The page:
Roots – Good and Bad

In Matt. 13 Jesus shares a parable using the theme of seed being sown in a field.  He contrasts different qualities of soil, the wayside, stony ground, thorny ground, and good soil.  Each of us, if we are honest in the secret places of our hearts, has known something of each of these.  Before I knew the Lord, I was like that first type.  The seed didn’t find any place to start.  It just bounced off me.  Stony ground includes the areas of our hearts that are hard.  Jesus says that type of soil starts out well, with joy.  Yet that one has no root.  When trouble comes, that one stumbles.  That one struggles and looks for escape from the trouble.  Those are my words, not His, but I have seen it to be true.

When trouble comes, God is after something in us.  He locates a hard place and wants us to see it.  The process is for us to see our hardness and bring it to Him.  As we grow, we learn to put aside the hardness, unforgiveness and bitterness.  Paul wrote somewhere for us to put away all anger wrath, clamor and bitterness.  The clamor starts in us and if it festers it creates more hardness.  In Hebrews, we are told, to not harden our hearts so that we could hear His voice.  His voice is that seed.  When we do turn away from Him, He lets us go, gives us some rope, so that we learn.  The issue is one of the ground in our hearts.  It needs to be plowed to expose the rocks.  Then the rocks can be removed.  Being plowed is never fun.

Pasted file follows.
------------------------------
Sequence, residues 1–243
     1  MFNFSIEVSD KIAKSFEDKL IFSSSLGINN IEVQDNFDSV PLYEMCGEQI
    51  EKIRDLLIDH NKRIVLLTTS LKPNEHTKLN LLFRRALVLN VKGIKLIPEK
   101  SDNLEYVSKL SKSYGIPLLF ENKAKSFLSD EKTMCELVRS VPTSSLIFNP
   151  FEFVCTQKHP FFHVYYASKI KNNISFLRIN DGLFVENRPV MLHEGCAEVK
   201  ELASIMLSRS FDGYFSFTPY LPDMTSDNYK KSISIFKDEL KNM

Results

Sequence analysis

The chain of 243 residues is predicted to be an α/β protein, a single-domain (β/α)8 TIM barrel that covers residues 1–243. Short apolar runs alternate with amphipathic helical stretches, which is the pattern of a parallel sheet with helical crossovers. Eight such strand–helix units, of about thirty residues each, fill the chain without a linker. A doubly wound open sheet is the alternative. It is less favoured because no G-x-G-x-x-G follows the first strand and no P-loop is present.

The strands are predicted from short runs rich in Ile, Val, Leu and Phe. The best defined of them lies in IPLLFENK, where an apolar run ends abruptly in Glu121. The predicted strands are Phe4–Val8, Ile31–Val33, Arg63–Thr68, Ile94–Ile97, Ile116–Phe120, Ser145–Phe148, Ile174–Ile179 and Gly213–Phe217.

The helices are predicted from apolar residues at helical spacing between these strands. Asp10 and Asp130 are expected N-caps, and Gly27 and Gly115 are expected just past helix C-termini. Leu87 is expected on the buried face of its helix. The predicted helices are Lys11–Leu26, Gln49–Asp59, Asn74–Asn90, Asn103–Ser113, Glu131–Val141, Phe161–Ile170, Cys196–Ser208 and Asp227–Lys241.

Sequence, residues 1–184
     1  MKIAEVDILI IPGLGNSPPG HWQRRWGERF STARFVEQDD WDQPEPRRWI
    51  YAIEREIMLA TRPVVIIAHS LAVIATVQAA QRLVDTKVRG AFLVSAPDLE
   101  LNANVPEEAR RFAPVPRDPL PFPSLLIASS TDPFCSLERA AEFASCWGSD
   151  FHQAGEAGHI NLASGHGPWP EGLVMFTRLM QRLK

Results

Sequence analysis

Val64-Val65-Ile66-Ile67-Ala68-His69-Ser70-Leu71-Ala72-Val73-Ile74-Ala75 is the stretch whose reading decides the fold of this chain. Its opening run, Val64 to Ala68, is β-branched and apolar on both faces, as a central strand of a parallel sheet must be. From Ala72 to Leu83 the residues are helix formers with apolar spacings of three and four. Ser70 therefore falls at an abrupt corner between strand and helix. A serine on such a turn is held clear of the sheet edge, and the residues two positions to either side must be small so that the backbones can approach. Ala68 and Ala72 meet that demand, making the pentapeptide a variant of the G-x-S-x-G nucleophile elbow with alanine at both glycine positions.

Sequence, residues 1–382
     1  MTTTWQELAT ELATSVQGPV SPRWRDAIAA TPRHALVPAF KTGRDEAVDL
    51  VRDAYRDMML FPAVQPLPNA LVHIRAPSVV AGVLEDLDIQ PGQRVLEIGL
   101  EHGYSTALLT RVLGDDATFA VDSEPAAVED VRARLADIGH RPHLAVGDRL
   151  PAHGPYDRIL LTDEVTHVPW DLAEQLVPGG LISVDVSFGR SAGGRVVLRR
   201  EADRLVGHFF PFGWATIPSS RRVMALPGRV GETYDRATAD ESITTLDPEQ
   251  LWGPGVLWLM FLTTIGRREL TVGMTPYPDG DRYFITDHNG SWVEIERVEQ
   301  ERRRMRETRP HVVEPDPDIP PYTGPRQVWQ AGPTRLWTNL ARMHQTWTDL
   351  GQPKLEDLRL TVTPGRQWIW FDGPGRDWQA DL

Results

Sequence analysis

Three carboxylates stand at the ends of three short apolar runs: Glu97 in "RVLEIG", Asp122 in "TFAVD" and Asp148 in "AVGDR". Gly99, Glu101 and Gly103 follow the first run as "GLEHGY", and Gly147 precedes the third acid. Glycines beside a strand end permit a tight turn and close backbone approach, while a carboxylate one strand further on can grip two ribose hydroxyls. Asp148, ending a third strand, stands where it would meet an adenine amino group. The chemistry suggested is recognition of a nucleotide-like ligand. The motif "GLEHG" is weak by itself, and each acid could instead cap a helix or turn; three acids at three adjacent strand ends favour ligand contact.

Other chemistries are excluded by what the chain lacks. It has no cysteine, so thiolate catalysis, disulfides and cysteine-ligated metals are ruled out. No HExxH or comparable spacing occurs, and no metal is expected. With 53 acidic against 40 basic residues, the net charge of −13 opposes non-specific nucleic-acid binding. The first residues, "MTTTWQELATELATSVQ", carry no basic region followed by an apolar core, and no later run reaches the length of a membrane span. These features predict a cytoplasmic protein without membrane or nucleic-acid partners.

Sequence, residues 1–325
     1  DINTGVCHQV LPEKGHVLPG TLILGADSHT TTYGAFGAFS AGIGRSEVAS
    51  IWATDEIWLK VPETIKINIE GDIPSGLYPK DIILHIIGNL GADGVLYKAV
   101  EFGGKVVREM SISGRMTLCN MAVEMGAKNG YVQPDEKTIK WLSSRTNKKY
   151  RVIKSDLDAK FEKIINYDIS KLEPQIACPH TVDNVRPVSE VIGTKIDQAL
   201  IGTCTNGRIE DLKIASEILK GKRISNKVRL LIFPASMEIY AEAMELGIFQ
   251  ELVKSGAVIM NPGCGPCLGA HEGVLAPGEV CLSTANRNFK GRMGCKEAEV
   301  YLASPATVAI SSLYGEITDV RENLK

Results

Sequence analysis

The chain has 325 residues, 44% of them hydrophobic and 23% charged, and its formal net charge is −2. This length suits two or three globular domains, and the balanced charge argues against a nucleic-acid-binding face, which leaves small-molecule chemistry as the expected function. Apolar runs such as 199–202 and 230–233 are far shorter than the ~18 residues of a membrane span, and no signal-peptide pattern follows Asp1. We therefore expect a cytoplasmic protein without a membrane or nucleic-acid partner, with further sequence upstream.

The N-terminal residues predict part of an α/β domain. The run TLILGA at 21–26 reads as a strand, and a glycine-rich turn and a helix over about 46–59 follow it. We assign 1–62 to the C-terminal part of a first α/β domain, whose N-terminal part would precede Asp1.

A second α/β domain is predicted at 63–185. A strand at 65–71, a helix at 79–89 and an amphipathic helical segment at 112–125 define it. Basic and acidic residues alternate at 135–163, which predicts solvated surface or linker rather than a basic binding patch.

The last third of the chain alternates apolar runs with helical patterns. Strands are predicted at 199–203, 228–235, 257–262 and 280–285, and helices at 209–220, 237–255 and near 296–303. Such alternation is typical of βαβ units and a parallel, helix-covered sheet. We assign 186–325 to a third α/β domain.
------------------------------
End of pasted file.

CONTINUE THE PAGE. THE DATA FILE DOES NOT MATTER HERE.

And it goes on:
When trouble comes to us, we often feel the distress and the pain.  The hurt and pain can be on many levels.  We can fight it, run from it, or turn to God.  Sometimes it may be that we need to get away from the source so that we can get with God.  I have heard it said that Jesus Himself knew emotional abuse as a child.  I can believe that.  The Pharisees called Him illegitimate as a man.  He probably heard that as a child in Nazareth.  And Jesus learned to get off by Himself and pour His heart out to His Father.  When the pain comes, we need to seek God.  Our nature is to lash out, to give place for our anger to vent.  Some sort of destruction is usually the result.  We have all known it.  Then we have to clean up our mess.  I have known that.

When we do not go to God, we blame others and can end up spreading all their weaknesses and failures.  Some truth may be in all that but love covers a multitude of sins. (1 Pet. 4:8)  Speaking out of our pain and bitterness can cause trouble and divisions.  Hebrews 12 is an important passage for us to understand God’s working.  Read the entire chapter and let the Lord speak to you.  Trouble comes to change us, to cause us to grow.  Now focus on Heb. 12:3-15 and hear how submitting to God’s discipline of us affects our relationships.  Verse 15 refers to a root of bitterness.  The following verse refers to Esau whose life was set to satisfy himself.  Very important is that we do not fail of, or come short of, the grace of God.  Grace is not to give us an excuse but to provide the strength to pursue peace with all men, even to love those who cause us trouble.

Look again at verse 3 which tells us to turn away from discouragement and weariness of soul.  That is where the grace is needed and will help us.  In Colossians 2, we are encouraged to walk by His life (vs. 6) as we are rooted and grounded in Him.  When we are stumbling and struggling in our troubles, and not walking in love, we need grace and to grow deeper in Him.  We need Him to work the soil in our lives and we must allow the pain.  Hebrews 12:11 says this.  As He turns over the soil in our hearts, we are strengthened by grace.  His power and strength are in the grace, not for us to be known as strong and look good, but for us to walk in love.

In closing two other thoughts and scriptures.  Eph 3:17 calls us to be rooted and grounded in love and Jude 21 adds to keep ourselves in the love of God.  No room is left there for our self-righteousness and anger and bitterness.  In His presence is mercy and grace for us and for all our enemies, as they come to Him.